Some 52 weeks ago, NFL personnel stood inside Estadio Azteca in Mexico City, studying the aftermath and playing-surface wreckage from a pop star's concert. The damage was unsalvageable, the field unsuitable for football, and they determined they'd need to move the game back to Los Angeles. Too much work. Too much destruction. And too little time.

Only days afterward, NFL leadership met with stadium and Mexican government officials. Together, they analyzed what had gone wrong before the conversation shifted to another avenue.

What about another shot at a game in 2020?

"While the decision was made last year that the field wasn't playable, that same week, NFL leadership, in partnership with Televisa, who owns the stadium, and the Mexican government, we were making commitments to come back next year," said Damani Leech, the NFL's chief operating officer of international competition.

Next year has arrived.

On Monday night, the Chiefs will travel south of the American border into Mexico and face the L.A. Chargers in an AFC West contest tallied on the schedule as a Chargers home game. Unlike a year ago, when the field prompted relocation on just six days' notice, this game will take place in its planned site.

Because this one came with some added conditions. With some assurances.

In that meeting days after last year's fiasco, the NFL insisted on several terms before agreeing to return, Leech said, highlighting three of them as the most notable.

1) They would hire a field consultant to take monthly visits to Mexico City to check on the field. He or she would collaborate with stadium management and return with pictures, detailed reports and recommendations.

2) Volume. Televisa would scale back the events it hosted leading up to Monday's game, reserving the stadium only for regularly-scheduled soccer matches as the football game drew near.

3) A backup plan. Together, the organizations would plant a sod farm nearby. If needed, the farm would be used to replace patches of the field or the entire 120-yard playing surface.

Together, these things formed the blueprint for what the Chiefs and Chargers are prepared to encounter Monday -- a field ready for the rigors of an NFL game.

"Our field rep has been in contact with the league, who's been in contact with the representatives in Mexico City taking care of the field," Chiefs owner and CEO Clark Hunt said. "It's a completely different field, and it's in much better condition than it was last year."

That, too, derived from a change in approach. Estadio Azteca replaced its playing surface this summer, returning to traditional natural grass after installing a hybrid mix in 2018. The stadium also installed a new irrigation and drainage system in the spring. It's worked well enough that the sod farm -- the Plan B -- hasn't been needed, Leech said.

Officials from both the Chiefs and Chargers visited the field, standard protocol on international games. The response has been a proverbial thumbs-up.

The stadium held up its end of the bargain, clearing its concert schedule from August through November. It hasn't hosted a soccer game there in two weeks, despite being home to Club America along with the Mexican national teams. And the league has stuck rigidly to its plan -- constant oversight with the newly-hired field consultant.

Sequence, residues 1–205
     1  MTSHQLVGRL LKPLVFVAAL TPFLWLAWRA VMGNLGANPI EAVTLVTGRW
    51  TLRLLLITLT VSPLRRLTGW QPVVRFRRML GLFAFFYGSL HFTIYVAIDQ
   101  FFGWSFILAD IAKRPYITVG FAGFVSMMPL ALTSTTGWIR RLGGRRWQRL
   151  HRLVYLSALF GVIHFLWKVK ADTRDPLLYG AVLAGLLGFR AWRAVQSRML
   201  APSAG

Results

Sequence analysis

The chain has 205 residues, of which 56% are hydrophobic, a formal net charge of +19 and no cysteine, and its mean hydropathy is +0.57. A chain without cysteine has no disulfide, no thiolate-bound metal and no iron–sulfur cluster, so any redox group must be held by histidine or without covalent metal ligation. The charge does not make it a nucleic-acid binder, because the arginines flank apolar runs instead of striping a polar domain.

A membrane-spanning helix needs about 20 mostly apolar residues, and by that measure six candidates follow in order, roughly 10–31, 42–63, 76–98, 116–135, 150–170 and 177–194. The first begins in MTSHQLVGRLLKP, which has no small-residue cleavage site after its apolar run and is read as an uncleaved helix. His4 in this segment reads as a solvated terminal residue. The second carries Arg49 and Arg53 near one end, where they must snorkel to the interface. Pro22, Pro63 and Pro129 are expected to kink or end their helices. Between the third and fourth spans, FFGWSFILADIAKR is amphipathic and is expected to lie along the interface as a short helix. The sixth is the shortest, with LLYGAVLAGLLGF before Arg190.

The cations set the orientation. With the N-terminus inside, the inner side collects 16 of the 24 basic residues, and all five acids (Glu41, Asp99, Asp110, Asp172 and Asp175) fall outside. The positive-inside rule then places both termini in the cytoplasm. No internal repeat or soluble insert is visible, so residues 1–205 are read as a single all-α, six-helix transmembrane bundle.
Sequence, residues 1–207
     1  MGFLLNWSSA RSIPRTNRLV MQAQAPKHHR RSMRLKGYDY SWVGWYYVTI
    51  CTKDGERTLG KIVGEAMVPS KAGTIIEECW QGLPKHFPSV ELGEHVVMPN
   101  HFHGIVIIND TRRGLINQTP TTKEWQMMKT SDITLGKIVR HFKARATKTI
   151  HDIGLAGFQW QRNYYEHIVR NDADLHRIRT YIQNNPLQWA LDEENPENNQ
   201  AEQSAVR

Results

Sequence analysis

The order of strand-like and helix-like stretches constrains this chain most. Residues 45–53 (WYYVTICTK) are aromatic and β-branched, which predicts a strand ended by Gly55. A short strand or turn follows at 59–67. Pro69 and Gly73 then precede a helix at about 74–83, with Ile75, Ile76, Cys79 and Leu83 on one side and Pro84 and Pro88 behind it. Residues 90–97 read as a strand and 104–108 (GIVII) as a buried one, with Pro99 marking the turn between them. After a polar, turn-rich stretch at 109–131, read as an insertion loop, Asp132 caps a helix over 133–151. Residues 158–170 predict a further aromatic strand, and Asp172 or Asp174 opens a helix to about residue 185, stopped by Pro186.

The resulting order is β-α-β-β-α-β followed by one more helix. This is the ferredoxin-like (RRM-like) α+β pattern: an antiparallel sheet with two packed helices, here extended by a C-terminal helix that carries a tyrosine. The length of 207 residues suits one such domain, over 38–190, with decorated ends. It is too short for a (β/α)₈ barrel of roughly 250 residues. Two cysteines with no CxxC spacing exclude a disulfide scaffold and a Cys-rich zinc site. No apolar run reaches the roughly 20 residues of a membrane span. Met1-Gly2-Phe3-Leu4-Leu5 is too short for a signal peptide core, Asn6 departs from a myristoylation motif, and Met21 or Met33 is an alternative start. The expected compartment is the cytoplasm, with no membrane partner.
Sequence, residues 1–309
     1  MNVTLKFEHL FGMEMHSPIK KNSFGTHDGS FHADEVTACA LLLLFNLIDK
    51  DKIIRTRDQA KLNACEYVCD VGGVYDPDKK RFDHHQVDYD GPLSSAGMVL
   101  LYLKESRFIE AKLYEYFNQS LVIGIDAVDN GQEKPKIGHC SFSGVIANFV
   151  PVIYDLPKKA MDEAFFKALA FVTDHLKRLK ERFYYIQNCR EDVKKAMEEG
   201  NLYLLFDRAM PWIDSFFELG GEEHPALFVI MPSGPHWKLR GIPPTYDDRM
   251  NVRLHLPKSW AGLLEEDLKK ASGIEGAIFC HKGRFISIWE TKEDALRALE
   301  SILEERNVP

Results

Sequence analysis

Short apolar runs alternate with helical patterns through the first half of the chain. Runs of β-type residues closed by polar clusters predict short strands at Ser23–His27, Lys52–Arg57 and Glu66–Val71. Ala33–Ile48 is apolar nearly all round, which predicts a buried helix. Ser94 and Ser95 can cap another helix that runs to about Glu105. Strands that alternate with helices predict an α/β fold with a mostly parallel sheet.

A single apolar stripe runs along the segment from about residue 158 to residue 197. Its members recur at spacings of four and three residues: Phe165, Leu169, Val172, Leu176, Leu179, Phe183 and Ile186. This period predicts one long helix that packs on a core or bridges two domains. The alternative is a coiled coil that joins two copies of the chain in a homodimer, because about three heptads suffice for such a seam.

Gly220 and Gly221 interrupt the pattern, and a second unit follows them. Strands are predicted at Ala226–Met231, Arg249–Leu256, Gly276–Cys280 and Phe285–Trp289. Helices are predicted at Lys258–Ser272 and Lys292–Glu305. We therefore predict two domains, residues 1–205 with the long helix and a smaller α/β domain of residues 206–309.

The NFL's opportunity in Mexico

That's the how.

The why: Money. And opportunity.

The NFL sees a growing and undertapped market in Mexico. Four of the NFL's highest single-game attendance totals in league history came at Estadio Azteca, though the venue's 2016 renovations reduced its capacity.

According to Hunt, for nearly a decade, the league has considered increasing its international footprint in the form of more games. The topic is already part of the next collective bargaining agreement discussions, he said, including the possibility of adding a regular season game in exchange for the subtraction of one or two preseason games, which would give every team eight regular season home dates, eight on the road and one neutral site date.

"It would give the league more inventory to play more international games," Hunt said.

While London has received the influx recently, the appetite appears present in Mexico. Leech said the league's research has shown there are 22 million NFL fans in Mexico. It further categorizes one-third of those as "avid football fans."

"I think it's a tremendous market for us, and there's a lot of opportunity," Leech said. "So while there are over 20 million fans here in Mexico, we think there's great opportunity to increase that number over time. And certainly having games in that market is a great way for fans to touch and feel and experience the NFL. But we're constantly looking for other ways, as well, to connect with those people."

The stadium is expected to be full Monday, offering an environment unique in comparison to NFL home stadiums. When the Chiefs played in London in 2015, they noticed the blend of fans occupying the seats. Some rooted for them, others against them.

And many were there without a rooting interest, simply taking advantage of a rare chance to see an NFL game.

"There's a buzz that takes place throughout the whole game," Chiefs coach Andy Reid said. "There's noise, which is great. That's a good thing. I think that's equal for both teams. But you're going to have to deal with some noise. There are a lot of people in that stadium, and they're excited for both teams to be there, so there's going to be noise. We get that."

Just one year later than anticipated.